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Individual scientists usually specialize in one particular area. They get very good at knowing a lot about a few things. This is a natural and very normal thing to do, especially when the amount of detail a researcher has to consider in their study is huge! There is no way for any one person to know the ins-and-outs of each and every project.

One of the most important lessons we can learn from a disaster the size of the Exxon Valdez oil spill is the importance of "thinking big" with science -- really big! We need to ask big questions, such as: “How is this one particular thing connected to that?” or “What influence does something that seems so different and very far away have on my local work?” or “How is this one thing connected to everything?”

Scientists might not have the luxury of working on a whole bunch of different projects at once but, through cooperation in large projects like Gulf Watch, they can see the links, or connections, between what they have been focusing on and what others have been doing. In science, we call this "systems thinking." Systems thinking looks at the web of relationships where individual pieces respond both in their own individual ways and together as a whole. An ecosystem like the Gulf of Alaska is not just a collection of individual animals and plants. It is all living things interacting with each other and with the non-living things around them.

Gulf Watch Alaska scientists combine data from all of their projects to help them better answer their own specific research questions. This gives each of them a better understanding of complicated ecosystem connections. You can think of each project like different pieces to a jigsaw puzzle. As more and more pieces are combined, a clearer and more complete picture emerges.

Click the picture below to solve the jigsaw puzzle!

Gulf of Alaska jigsaw puzzle

Systems thinking allows the modern scientist to step outside of their lab. They connect with fellow researchers and see the importance of their work on a much larger scale. It requires teamwork and communication as they build a network with different specialties, interests, and research subjects.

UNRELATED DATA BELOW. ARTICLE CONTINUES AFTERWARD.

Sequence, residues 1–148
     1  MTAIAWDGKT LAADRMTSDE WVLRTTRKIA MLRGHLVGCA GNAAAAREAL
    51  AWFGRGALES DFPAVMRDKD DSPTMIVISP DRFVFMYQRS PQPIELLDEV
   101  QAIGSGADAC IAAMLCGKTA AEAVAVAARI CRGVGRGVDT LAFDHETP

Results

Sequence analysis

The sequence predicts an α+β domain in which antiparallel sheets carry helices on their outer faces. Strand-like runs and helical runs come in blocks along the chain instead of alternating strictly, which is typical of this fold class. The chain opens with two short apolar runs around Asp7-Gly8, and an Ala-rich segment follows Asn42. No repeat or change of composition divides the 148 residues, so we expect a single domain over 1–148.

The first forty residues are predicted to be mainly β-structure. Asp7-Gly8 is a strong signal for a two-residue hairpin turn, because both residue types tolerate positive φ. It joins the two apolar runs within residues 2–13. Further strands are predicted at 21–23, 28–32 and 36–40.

Watch the video below and listen to the Gulf Watch team as they talk about working together and putting the pieces of this complicated puzzle into place.

VIDEO: Monitoring Connections

Sonia Batten, Heather Coletti, and Dan Esler discuss connections between the four individual monitoring components of Gulf Watch Alaska. (1:55)

Video Transcript

Citizen Science articlesYou too can help with long-term ecosystem monitoring right in your own ecosystem -- through Citizen Science! Citizen science is the collection and analysis of data through partnerships between the general public and professional scientists. This collaborative way of doing science allows anyone with an interest in the natural world to engage in the scientific process.

Many citizen scientist projects benefit from people gathering local monitoring data and contributing to a larger database. The data provided by participating citizen scientists helps professional researchers build a more complete understanding of ecosystems that they only visit once or twice a year.

Recently, the scientific journal "Frontiers in Ecology and the Environment" published an entire issue focused on citizen science! Click the link on the right to access the journal.

Explore some of the links below to find a citizen science opportunity to join!

Citizen Scientists

The Cornell Lab of Ornithology Citizen Science Central Projects

National Science Foundation


Scientific American Citizen Science Project List


Journey North




Who is watching the Gulf?

Meet John
Meet Sonia
Meet Dan
Meet Heather

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